A pair of lucky Northern Irish fishermen pulled in this skull with enormous antlers, measuring a whopping 1.8m in length. The extraordinary specimen belonged to the extinct Great Elk, which hasn’t been seen in Ireland for over 10,000 years, Belfast Live reports.
Raymond McElroy and Charlie Coyle were fishing for pollan (a whitefish native to Ireland) in Lough Neagh, a freshwater lake in Northern Ireland. They were fishing in an area called the Thorns when they stumbled upon the remarkable skull and antlers, which got caught in their fishing net, according to Belfast Live.
“It came up in the net on the side of the boat. I thought it was a bit of black oak to begin with,” McElroy told Belfast Live. “I was shocked to begin with when I got it over the side and saw the skull and antlers. It’s pretty good.”
Yeah, pretty good. I’d choose a different adjective, which I won’t reproduce here, but those antlers are absolutely brilliant, especially given how long they sat at the bottom of a lake. McElroy and Coyle made the discovery on September 5.
The remains, dredged from a depth of 6m, belonged to an extinct species known as the Great Elk (Megaloceros giganteus), sometimes referred to as Irish Elk. The nearly intact skull, with its antlers still attached, measures 1.8m across, according to LiveScience.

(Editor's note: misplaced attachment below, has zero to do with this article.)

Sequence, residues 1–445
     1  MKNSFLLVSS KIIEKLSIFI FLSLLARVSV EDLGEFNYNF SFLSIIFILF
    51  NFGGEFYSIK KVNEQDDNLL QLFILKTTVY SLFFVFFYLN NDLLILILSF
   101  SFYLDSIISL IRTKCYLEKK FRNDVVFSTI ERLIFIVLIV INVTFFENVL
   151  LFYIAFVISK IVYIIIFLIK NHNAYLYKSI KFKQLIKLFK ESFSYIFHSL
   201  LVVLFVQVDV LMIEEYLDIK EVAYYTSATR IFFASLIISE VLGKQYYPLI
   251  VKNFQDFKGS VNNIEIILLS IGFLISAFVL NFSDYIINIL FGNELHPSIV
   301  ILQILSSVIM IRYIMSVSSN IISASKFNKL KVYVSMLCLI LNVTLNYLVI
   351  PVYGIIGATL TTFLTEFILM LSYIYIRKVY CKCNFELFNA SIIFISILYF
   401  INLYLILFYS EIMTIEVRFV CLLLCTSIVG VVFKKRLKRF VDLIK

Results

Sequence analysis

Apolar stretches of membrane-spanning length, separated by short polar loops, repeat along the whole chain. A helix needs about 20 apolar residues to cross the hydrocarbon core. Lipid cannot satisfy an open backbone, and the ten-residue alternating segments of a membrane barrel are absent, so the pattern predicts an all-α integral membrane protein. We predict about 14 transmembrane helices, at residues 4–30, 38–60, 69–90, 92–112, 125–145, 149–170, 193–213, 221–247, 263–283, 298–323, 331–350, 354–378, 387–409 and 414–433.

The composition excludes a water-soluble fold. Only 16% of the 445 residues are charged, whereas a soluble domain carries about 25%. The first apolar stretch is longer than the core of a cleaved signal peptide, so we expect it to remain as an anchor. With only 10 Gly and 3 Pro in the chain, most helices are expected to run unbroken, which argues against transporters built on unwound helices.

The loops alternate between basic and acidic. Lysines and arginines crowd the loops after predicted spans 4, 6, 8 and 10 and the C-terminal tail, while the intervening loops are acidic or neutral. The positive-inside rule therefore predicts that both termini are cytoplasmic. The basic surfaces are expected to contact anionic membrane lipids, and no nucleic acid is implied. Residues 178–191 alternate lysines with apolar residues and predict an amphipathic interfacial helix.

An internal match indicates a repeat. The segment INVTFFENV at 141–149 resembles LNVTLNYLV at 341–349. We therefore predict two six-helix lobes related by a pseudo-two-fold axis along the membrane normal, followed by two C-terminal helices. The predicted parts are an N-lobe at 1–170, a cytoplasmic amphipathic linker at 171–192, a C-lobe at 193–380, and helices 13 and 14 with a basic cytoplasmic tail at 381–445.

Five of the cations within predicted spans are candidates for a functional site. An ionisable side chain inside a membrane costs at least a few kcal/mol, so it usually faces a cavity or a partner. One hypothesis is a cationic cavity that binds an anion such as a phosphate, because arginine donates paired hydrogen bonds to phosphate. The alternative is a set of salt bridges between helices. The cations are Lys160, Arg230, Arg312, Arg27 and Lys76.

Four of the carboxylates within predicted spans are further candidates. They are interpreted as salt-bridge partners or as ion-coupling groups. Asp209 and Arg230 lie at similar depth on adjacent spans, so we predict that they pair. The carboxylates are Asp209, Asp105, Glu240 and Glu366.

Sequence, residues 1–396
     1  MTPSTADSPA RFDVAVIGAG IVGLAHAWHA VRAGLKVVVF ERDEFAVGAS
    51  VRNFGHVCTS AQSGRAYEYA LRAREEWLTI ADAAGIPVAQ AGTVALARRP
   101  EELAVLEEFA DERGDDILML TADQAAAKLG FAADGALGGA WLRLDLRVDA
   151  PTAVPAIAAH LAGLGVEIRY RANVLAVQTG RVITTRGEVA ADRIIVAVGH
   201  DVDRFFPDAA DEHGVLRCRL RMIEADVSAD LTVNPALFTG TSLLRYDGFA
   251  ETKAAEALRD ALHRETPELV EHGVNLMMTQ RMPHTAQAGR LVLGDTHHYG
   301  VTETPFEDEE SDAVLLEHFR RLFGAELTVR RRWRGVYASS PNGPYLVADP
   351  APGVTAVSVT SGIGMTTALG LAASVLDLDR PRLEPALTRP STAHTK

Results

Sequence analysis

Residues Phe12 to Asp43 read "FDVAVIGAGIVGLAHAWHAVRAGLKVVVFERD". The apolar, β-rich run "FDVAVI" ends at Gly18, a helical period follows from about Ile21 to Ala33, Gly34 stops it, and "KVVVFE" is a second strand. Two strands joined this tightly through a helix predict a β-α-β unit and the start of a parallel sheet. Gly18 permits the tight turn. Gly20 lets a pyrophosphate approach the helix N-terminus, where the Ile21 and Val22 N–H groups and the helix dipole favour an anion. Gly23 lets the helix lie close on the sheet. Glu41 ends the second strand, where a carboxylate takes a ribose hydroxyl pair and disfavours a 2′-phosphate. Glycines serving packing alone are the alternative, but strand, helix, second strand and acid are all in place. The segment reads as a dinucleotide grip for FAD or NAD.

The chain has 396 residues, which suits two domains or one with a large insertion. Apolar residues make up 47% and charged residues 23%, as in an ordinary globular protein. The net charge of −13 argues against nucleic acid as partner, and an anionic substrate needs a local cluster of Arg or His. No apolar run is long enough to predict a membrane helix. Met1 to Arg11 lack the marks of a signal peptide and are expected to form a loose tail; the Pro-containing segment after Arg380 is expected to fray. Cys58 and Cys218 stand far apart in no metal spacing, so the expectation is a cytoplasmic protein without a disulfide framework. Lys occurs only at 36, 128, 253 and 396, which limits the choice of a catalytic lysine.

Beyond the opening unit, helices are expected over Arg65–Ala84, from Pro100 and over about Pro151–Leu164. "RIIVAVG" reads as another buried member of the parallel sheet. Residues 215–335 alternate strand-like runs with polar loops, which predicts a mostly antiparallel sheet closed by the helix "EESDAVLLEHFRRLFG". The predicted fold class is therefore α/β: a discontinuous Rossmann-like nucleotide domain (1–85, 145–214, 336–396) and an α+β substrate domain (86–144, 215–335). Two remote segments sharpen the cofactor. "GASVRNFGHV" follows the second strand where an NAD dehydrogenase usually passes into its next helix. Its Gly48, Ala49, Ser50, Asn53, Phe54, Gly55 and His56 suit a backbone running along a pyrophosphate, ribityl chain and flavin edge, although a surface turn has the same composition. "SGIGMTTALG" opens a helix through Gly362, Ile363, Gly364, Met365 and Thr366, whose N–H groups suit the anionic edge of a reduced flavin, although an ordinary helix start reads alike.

The skull and antlers haven’t been dated, but these majestic animals — the largest species of deer to have ever existed — disappeared from Ireland some 10,500 to 11,000 years ago. Great Elk also existed in Eurasia, the last of which disappeared from Siberia between 8000 to 6000 years ago.
Four years ago, a lower jaw bone of a Great Elk was pulled from Lough Neagh in pretty much the exact same spot, leading McElroy to suspect it belonged to the same deer as this skull and antlers. The remains of these animals, most of which have been found in Ireland, are often unearthed in bogs and lakes.
Great Elks were truly awesome, measuring about 2m tall, with males featuring antlers up to 3m wide. These antlers were likely the result of sexual selection, as they were not suitable for male-on-male combat. In terms of purpose, these antlers likely intimidated rivals and attracted females, according to the University of California Museum of Paleontology.
The massive antlers posed a considerable burden for Great Elk males; sitting atop their heads, the antlers weighed in excess of 28 to 40kg.
Speaking to Belfast Live, Ulster Museum scientist Mike Simms said environmental changes likely caused this species to go extinct. By the end of the Pleistocene, Ireland’s grasslands, upon which the Great Elk had thrived for thousands of years, had turned to forest.
This came as a shock to the Great Elk, which couldn’t adapt. A 2008 study by University of Florida researchers concluded that these environmental changes diminished reproductive output of Great Elks by half.
The skull and antlers are currently being stored in McElroy’s garage until local authorities figure out what to do with them. Hopefully they’ll put the specimen on display at a local museum for all to see.